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August 19, 2009

Special Effects Master Stan Winston Dies

Oscar winner was 62


June 17, 2008

Stan Winston, the Oscar-winning special-effects artist who created the animatronic dinosaurs in “Jurassic Park,” the slimy 14-foot alien queen in “Aliens” and the liquid-metal assassin in “Terminator 2,” died Sunday at his home in Malibu, California. He was 62.

The cause was multiple myeloma, said a spokesman for Stan Winston Studio.

Although he created some of the most famous special effects in movie history, Mr. Winston insisted that he cared less about technical wizardry than he did about storytelling. “It’s not about technology,” he once said. “It’s about writers writing wonderful stories with fantastic characters and me being able to create a visual image that’s beyond what you would expect.”

Courtesy of Mr. Winston, the unexpected leapt from the screen in dozens of films. He created the extraterrestrial assassin who hunts Arnold Schwarzenegger in “Predator,” the hands of “Edward Scissorhands” and the Penguin (from the neck up) in “Batman Returns.”

Mr. Winston won four Oscars for his film work and in 2001 he became the first special-effects artist to receive a star in the sidewalk on Hollywood Boulevard.

Stan Winston was born in Arlington, Viriginia, and as a child was fascinated with puppets, monster movies and special effects. Disneyland’s animatronic Abraham Lincoln only deepened his obsessions. He earned a degree in art at the University of Virginia then set out for Hollywood.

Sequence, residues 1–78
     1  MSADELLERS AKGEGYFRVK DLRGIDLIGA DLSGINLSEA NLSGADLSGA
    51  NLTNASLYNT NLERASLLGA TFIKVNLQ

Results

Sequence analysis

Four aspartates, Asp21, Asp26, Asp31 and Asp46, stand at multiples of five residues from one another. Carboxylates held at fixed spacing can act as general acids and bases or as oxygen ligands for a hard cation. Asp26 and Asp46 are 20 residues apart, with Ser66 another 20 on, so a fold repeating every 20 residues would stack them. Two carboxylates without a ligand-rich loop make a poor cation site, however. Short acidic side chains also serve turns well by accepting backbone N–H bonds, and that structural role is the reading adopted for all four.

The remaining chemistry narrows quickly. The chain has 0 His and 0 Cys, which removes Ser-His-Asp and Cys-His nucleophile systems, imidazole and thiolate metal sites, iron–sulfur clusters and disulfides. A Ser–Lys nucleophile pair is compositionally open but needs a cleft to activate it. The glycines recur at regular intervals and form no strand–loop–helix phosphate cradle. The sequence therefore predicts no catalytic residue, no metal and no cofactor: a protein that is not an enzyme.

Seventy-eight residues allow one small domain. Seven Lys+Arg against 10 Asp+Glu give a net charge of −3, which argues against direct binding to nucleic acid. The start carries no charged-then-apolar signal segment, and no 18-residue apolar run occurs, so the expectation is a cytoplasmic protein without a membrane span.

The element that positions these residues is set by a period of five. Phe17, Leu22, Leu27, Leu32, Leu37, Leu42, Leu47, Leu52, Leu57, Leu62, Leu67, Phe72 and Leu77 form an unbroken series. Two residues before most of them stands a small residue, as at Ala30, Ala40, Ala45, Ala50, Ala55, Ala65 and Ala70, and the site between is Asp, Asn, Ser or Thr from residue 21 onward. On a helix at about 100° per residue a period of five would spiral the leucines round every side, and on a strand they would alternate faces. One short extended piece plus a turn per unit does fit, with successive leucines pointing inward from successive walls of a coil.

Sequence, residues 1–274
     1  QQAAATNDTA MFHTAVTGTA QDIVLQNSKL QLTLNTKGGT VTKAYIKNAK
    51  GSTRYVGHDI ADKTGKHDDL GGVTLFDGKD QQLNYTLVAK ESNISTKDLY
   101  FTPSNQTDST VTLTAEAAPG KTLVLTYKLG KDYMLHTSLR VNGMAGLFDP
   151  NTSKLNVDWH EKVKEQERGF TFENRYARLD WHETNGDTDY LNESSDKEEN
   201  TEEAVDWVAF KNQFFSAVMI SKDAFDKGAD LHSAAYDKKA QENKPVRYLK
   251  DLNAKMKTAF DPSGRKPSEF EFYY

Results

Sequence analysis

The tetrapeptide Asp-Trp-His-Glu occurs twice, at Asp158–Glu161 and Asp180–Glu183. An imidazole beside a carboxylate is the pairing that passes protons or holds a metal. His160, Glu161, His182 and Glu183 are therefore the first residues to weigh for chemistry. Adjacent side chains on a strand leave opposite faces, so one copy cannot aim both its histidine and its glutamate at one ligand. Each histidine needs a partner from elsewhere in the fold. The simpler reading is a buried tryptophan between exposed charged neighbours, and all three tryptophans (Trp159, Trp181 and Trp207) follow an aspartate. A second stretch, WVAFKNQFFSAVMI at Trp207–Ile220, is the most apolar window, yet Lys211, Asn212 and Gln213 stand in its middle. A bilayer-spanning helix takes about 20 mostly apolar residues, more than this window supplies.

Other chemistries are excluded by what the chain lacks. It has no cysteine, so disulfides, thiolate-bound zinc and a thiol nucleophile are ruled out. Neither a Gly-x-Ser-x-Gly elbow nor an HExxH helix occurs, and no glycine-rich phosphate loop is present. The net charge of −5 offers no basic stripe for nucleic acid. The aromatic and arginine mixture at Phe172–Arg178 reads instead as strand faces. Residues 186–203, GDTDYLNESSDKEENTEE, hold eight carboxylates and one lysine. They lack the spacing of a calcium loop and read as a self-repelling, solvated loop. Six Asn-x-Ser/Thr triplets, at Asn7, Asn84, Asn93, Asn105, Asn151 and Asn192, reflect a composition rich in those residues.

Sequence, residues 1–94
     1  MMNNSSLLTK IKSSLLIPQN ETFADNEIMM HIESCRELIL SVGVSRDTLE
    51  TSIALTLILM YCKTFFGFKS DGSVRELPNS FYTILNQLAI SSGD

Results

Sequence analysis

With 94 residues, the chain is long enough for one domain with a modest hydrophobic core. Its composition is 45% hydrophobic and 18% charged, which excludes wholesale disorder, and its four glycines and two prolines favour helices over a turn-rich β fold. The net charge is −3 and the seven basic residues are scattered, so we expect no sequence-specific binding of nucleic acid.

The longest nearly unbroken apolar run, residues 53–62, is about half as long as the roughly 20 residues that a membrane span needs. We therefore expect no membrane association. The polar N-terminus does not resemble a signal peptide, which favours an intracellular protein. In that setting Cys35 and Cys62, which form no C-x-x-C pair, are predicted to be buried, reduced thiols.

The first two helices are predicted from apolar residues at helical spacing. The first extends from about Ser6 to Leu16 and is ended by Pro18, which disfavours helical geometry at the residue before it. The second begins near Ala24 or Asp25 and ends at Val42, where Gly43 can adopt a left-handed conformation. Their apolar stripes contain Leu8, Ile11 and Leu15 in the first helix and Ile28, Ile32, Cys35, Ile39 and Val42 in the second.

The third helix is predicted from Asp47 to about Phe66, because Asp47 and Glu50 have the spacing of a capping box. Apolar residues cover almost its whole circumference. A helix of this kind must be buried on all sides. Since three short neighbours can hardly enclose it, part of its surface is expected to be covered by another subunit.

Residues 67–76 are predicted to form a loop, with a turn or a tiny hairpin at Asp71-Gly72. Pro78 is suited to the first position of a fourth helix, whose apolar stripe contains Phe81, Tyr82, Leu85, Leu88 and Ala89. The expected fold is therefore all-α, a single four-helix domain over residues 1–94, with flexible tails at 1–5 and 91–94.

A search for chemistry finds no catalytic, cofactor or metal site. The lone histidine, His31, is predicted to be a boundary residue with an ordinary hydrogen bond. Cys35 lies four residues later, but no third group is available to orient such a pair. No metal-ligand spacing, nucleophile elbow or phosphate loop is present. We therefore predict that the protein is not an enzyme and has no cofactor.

After seeing “Planet of the Apes,” he entered a Disney apprenticeship program and became a makeup artist in 1972. His work on the television movie “Gargoyles” won him an Emmy Award, as did his makeup effects for “The Autobiography of Miss Jane Pittman,” in which the title character ages from 19 to 110.

In the early 1980s, Mr. Winston entered into a collaboration with James Cameron, the director of the “Terminator” films and “Aliens.” His creepy exoskeleton effect for the villain in the first “Terminator” film inspired a host of imitations.

His second collaboration with Mr. Cameron, on “Aliens,” earned him his first Academy Award, in 1986. He would receive three more: two for “Terminator 2: Judgment Day (special effects and makeup) and one for “Jurassic Park.”

In 1988, Mr. Winston directed his own film, “Pumpkinhead,” in which a rural father summons an ancient demon to wreak vengeance on the city slickers who accidentally kill his son. He teamed up with Mr. Cameron for “Terminator 2: Judgment Day” and created a protean villain resembling quicksilver that was able to transform itself into almost anything.

Mr. Winston returned to dinosaurs in “The Lost World: Jurassic Park” and “Jurassic Park III.” And again with Mr. Spielberg, he contributed special effect to “A.I.,” notably Teddy, a walking, talking animatronic teddy bear.

In 2001, Mr. Winston produced five films for the HBO series “Creature Features,” a tribute to the cheaply made horror films of the 1950s. At the same time he started Stan Winston Creatures, a toy company whose first line was based on characters in the Creature Features series.

More recently, he contributed to “Iron Man,” released earlier this year, and “Indiana Jones and the Kingdom of the Crystal Skull. He also worked on the unreleased films “Terminator Salvation: The Future Begins,” “G.I. Joe,” “Shutter Island” and Mr. Cameron’s “Avatar.”

He is survived by his wife, Karen; a son, Matt, of Encino, California; a daughter, Debbie Litoff, of Woodland Hills, California; and four grandchildren.

William Grimes

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